Less Activism, More Economic and Legal Analysis
WASHINGTON D.C. - The introduction of the so-called Induce Act was the biggest surprise of the year in intellectual property, argues Progress & Freedom Foundation Senior Adjunct Fellow Solveig Singleton, but not for the reasons many would suppose. In an article in the latest Legal Times, she writes that the debate revealed a surprising lack of economic and legal scholarship in the area, as well as "legal academics' failure to recognize that protecting content online is hard."
"No one wants to ban P2P technology," Singleton writes. The Induce Act -- introduced by the top two senators on the Senate Judiciary Committee, Republican Senator Orrin Hatch of Utah and Democratic Senator Patrick Leahy of Vermont -- addressed the problem of peer-to-peer [P2P] downloading of copyrighted material online. It contemplated liability for inducing someone to infringe copyright.
"Many techies greeted the bill with alarm. Others watched in silence, notable in itself," Singleton says. "Ultimately, the Induce Act was just a weather balloon -- revealing of the IP climate, but not the alien spaceship that blog readers might think."
"Markets normally adapt fine to new technology," says Singleton. "But it's not clear how they can adjust when the devices -- statutory, contractual, or technological -- that they traditionally rely on to redraw boundaries don't work. It is one thing to call for new business models, another thing to actually create one."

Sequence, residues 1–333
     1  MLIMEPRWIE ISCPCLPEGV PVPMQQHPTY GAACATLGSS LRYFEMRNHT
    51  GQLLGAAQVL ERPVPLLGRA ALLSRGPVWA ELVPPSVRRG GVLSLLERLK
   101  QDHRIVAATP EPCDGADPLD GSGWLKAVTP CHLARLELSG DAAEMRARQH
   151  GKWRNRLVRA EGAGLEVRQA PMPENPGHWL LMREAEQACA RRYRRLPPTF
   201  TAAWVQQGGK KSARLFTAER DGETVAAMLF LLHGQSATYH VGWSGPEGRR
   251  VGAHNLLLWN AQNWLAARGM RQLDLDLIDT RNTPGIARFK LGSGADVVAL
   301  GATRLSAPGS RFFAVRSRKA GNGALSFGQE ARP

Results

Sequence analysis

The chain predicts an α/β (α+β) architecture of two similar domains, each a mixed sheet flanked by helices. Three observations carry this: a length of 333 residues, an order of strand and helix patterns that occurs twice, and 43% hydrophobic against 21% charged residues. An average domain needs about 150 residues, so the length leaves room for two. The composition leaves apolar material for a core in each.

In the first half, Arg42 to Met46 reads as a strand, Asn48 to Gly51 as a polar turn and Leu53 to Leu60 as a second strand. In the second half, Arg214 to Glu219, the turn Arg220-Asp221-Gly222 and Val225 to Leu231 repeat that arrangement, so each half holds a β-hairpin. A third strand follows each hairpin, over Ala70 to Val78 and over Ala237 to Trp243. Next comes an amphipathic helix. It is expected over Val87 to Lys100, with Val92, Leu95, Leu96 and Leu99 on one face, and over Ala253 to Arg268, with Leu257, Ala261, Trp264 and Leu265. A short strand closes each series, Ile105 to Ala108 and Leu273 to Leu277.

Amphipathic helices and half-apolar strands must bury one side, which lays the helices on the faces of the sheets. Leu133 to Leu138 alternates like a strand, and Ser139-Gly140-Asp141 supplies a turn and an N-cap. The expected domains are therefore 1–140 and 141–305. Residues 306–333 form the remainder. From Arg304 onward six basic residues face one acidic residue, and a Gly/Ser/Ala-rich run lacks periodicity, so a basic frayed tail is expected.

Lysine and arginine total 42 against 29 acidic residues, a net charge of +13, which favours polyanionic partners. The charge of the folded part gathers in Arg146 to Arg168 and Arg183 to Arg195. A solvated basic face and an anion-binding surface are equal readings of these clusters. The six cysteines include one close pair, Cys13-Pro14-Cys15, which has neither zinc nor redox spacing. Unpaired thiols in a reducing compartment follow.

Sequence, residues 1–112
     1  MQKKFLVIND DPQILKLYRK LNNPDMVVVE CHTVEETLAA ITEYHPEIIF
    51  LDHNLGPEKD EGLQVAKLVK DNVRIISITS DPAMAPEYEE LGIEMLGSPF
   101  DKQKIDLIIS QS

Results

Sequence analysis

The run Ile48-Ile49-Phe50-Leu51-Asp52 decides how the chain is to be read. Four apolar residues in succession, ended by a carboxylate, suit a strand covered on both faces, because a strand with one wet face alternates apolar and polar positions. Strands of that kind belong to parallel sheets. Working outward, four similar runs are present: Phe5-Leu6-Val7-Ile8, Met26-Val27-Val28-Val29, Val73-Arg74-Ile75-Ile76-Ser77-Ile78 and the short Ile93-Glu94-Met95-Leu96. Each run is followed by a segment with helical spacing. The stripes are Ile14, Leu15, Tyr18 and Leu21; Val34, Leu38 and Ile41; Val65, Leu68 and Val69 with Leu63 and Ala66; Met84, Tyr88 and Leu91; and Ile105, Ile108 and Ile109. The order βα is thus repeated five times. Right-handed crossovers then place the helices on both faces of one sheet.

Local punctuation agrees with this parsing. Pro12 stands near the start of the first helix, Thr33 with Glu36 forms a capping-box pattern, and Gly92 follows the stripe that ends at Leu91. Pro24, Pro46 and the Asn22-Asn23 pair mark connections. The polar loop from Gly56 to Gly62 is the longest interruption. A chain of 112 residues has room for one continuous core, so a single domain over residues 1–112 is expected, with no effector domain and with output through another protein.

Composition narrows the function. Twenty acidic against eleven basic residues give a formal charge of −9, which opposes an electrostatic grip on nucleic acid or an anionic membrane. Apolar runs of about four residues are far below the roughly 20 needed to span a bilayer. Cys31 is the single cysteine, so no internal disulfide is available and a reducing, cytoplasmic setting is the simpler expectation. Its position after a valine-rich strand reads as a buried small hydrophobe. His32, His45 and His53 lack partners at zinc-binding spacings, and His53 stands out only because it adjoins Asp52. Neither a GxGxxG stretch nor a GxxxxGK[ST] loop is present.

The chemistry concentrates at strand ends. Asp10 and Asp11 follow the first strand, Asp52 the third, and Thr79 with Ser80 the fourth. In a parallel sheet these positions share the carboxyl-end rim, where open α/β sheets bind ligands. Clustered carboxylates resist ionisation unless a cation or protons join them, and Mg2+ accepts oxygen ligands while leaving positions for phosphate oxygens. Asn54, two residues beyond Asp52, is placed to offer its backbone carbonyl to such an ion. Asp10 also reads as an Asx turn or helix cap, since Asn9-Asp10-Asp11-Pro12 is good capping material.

The Induce debate also revealed the desperate need for better scholarship and less activism, Singleton argues. "For example, except for one computer science professor, few commentators discussed inducement liability in patent law and the implications for copyright. It turns out that there is a rich legal history here to explore."
As the 108th Congress came to a close, the language of the Induce Act remained too broad, says Singleton. However, "its method was not alien to the law." The liability debate inherent in the Induce Act debate is now before the U.S. Supreme Court, which has agreed to review the Ninth Circuit Court's ruling in the Grokster case. The Progress & Freedom Foundation's Center for the Study of Digital Property held a Congressional Seminar on the subject earlier this month. The Center's director, James DeLong, has written on the complexities of the Induce Act debate on the Center's weblog at IPcentral.info. Some entries can be found here, here and here.
The Progress & Freedom Foundation is a market-oriented think tank that studies the digital revolution and its implications for public policy. It is a 501(c)(3) research & educational organization.